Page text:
After mass protests in Jalandhar, Punjab province, as well as in Montreal, an immigration consulting agency has refunded full fees to some students, but more than 500 other students like Rani are currently fighting in front of the courts to recover their money.
Rani’s initial application to study in Canada was approved in principle, but after the M college audit began, her visa was rejected. Immigration and Refugee Citizenship Canada (IRCC) said she was ineligible to enter Canada due to her “educational background”. In response to questions from New Canadian Media, IRCC said private colleges under investigation for “recruitment fraud” continue to be dealt with, but will be subject to further scrutiny.
“Additional checks and verifications may be required by officers in order to make final decisions in these cases,” IRCC said in an email. Immigration officials acknowledged that prior to the fraud investigation, only a small fraction of students who received initial permission to study in Canada were denied visas.
For example, more than 49,000 applicants received first-stage approval for study in fall 2020, and only 90 were ultimately denied, according to IRCC.
Rani’s case highlights the questionable practices of immigration consultants in India. She was among eight people interviewed by NCM this month who were affected by the investigation into fraud in Quebec’s private college system.
“When we approached these students from the outskirts of Montreal, they were in a very bad state emotionally. They had nowhere to go and no support in this foreign land,” said Varun Khanna.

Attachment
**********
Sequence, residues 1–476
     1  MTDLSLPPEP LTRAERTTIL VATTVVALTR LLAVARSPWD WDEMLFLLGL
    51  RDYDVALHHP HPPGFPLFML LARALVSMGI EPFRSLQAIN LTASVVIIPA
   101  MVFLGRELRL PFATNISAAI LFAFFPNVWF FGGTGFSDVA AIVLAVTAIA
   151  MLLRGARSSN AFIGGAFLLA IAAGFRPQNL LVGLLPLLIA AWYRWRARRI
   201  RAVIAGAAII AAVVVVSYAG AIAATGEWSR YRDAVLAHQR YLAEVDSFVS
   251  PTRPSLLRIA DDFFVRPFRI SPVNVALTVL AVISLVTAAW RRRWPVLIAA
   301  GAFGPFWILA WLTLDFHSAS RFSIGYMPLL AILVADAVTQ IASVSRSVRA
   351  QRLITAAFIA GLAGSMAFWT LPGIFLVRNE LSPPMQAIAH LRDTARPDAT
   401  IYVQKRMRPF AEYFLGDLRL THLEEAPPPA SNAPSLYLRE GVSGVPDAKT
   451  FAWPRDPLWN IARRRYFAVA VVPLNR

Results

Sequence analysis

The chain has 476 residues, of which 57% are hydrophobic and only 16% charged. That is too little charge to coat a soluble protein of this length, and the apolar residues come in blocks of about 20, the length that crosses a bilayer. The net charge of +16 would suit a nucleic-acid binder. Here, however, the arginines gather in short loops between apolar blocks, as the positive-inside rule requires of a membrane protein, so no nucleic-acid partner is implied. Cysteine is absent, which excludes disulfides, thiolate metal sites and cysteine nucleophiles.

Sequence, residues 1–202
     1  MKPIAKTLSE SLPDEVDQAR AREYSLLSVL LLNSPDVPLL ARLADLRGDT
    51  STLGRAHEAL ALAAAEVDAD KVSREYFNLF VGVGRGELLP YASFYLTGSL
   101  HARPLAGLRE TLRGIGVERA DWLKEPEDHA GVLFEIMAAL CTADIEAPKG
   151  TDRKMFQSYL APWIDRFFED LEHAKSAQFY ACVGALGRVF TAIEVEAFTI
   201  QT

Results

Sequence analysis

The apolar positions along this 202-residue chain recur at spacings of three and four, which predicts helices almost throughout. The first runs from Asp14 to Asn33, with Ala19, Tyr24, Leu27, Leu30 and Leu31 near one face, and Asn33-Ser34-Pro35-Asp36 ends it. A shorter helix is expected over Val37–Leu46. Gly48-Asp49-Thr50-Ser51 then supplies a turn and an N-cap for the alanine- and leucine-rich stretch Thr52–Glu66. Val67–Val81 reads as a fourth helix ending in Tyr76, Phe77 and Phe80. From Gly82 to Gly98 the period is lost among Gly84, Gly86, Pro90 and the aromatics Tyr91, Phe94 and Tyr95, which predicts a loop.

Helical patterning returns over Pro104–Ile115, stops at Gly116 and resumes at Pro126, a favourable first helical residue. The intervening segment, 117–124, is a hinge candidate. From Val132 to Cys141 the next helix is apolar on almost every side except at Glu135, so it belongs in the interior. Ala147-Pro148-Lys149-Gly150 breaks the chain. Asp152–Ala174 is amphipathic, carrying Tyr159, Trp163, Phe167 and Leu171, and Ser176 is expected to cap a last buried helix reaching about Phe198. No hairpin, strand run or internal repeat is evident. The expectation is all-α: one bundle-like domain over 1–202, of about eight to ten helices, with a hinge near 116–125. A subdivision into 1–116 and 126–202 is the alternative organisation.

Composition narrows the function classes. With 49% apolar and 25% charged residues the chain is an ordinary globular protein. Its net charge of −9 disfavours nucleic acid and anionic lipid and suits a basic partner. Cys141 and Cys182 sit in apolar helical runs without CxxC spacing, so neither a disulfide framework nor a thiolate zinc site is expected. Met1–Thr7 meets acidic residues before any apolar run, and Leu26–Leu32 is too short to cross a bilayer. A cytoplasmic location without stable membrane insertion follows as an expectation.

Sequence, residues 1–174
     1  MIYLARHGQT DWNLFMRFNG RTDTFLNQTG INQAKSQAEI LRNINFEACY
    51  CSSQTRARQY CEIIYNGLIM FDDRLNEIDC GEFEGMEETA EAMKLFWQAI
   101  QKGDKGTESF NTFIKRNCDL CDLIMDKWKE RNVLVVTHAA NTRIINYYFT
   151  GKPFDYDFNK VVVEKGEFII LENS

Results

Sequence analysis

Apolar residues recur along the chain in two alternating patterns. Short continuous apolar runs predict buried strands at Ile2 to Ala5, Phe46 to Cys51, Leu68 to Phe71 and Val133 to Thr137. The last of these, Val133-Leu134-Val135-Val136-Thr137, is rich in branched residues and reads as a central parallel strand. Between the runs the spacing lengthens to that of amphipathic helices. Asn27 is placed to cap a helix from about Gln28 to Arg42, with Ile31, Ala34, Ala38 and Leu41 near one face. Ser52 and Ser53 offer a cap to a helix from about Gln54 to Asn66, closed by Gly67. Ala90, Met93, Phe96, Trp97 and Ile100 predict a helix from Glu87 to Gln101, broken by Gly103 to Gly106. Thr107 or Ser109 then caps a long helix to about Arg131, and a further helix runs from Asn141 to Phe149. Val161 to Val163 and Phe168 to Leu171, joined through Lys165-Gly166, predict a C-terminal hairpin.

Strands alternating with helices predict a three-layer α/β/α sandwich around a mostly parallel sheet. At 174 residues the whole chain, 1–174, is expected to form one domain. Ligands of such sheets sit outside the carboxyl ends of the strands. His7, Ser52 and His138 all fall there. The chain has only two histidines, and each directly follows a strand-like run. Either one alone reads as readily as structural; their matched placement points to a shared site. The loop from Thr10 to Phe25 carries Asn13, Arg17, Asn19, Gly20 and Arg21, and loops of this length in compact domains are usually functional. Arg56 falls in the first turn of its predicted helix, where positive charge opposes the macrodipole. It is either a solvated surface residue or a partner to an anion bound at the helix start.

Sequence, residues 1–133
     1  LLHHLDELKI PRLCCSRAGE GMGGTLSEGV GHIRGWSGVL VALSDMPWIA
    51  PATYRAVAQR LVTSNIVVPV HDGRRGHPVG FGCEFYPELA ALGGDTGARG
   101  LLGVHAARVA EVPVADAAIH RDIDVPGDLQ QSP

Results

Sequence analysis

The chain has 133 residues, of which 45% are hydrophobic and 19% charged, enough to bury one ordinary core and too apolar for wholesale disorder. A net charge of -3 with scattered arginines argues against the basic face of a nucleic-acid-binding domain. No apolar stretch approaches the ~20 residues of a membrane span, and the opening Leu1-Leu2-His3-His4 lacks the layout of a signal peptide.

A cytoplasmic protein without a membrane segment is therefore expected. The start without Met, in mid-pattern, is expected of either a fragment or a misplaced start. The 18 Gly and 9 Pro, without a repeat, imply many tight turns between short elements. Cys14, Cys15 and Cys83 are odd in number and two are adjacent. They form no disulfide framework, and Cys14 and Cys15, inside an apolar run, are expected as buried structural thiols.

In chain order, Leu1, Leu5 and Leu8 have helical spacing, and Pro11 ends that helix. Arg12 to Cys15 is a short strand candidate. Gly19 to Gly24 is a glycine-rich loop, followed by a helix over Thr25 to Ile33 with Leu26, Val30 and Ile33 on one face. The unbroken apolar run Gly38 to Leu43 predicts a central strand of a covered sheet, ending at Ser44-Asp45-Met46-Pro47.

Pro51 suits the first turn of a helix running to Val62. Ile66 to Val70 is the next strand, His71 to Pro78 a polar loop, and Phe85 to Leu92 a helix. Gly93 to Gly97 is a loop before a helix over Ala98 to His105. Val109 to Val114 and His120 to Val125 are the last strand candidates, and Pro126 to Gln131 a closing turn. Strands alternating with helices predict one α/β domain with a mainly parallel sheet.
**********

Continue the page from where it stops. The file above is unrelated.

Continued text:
Khanna, co-founder of the Montreal Young Students Organization (MYSO), said the group advocates for student interests by writing letters to elected officials in India and Canada.
Thousands of consultants from the Indian state of Punjab are part of the Association of Overseas Education Consultants (ACOS). Although the association has a code of ethics, the industry is largely unregulated and consultants do not have to be legally certified.
“There is a hidden competition between these consultants as to who generates the maximum income and I don’t think they care where the student is going to study or what the future of these students is,” a source said. immigration consultant who has over a decade of experience in recruiting students to Canada and India. NCM agreed not to release his name but verified his identity so he could speak candidly about the inner workings of the system.
The consultant claims that a recruiter receives a 20% commission for enrolling a student in a private college, more than double the rate of enrollment in a public institution.
“What happened in Quebec didn’t surprise me one bit,” said the consultant. It shows a photo of college principal Caroline Mastantuono posing with Prime Minister Justin Trudeau. Three private colleges currently under investigation were once run by Mastantuono.